U.S. Pat. No. 5,747,822 to Sinclair, et. al., describes an apparatus for digitizing an object and creating a 3D image using planar sheets of light and analyzing the angles created to define contours of the object.

U.S. Pat. No. 4,705,401 to Addleman, et. al., describes an apparatus for illuminating a surface, moving the surface in relation to a scanning device, determining the position of the points along the surface and computer generating a contoured image of the surface.

U.S. Pat. No. 6,549,288 to Migdal, et. al., describes a system that generates a light stripe on an object and intersecting points on the contour are measured via triangulation to create a representative 3-D computer generated image.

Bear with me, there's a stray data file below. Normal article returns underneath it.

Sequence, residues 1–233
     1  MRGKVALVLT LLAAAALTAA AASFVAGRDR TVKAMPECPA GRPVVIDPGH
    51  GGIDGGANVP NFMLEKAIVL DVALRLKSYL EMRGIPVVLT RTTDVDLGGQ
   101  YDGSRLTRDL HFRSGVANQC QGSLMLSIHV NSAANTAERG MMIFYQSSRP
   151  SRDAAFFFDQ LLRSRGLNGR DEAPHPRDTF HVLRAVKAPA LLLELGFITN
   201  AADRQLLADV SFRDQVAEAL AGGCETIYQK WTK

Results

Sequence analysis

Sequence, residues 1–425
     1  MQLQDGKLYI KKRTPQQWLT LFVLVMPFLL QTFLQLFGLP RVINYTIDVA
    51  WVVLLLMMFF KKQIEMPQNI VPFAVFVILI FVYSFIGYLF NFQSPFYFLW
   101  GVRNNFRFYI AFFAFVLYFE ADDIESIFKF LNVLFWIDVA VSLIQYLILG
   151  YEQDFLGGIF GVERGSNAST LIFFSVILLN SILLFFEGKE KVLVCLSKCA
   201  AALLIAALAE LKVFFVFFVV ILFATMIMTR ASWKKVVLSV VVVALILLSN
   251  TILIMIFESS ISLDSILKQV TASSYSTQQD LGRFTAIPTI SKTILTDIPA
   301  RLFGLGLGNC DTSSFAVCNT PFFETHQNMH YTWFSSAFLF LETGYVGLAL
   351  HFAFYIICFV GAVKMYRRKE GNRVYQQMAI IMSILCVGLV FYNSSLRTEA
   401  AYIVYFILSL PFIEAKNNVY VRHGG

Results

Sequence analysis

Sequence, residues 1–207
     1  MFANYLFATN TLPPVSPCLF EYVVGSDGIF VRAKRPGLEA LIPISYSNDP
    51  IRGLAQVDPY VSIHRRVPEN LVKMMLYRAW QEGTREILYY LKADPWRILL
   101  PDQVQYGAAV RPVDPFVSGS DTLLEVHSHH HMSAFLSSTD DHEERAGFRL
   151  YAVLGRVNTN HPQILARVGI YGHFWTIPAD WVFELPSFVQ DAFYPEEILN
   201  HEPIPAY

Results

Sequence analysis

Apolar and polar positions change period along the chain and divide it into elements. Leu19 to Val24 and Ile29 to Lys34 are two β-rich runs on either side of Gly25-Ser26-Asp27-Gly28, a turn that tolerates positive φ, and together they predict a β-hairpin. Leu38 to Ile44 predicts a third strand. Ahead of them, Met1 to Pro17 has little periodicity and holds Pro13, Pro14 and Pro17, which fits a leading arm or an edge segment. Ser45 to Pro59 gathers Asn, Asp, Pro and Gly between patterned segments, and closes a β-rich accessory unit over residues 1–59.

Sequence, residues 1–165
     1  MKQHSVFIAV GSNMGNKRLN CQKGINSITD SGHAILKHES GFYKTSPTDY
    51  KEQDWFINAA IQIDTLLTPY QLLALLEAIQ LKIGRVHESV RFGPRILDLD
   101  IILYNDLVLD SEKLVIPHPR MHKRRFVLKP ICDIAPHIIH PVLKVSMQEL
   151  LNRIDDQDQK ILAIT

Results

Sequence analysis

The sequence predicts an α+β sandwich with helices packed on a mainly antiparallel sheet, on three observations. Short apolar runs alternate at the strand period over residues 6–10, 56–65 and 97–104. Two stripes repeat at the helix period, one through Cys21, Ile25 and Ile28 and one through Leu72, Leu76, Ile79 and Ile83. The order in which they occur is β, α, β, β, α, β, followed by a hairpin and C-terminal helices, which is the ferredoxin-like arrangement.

U.S. Pat. No. 6,542,249 to Kofman, et. al., describes a method of obtaining 3-D data from an object by overlapping views and providing computational information to provide for transformations into a common reference frame.

SUMMARY OF INVENTION

In one aspect of one or more embodiments of the present invention is to provide a non-contact texture mapping system readable by a computer for defining a plurality of texture images where mapping positions are determined that allow for mapping the texture images onto the surface of a three-dimensional object.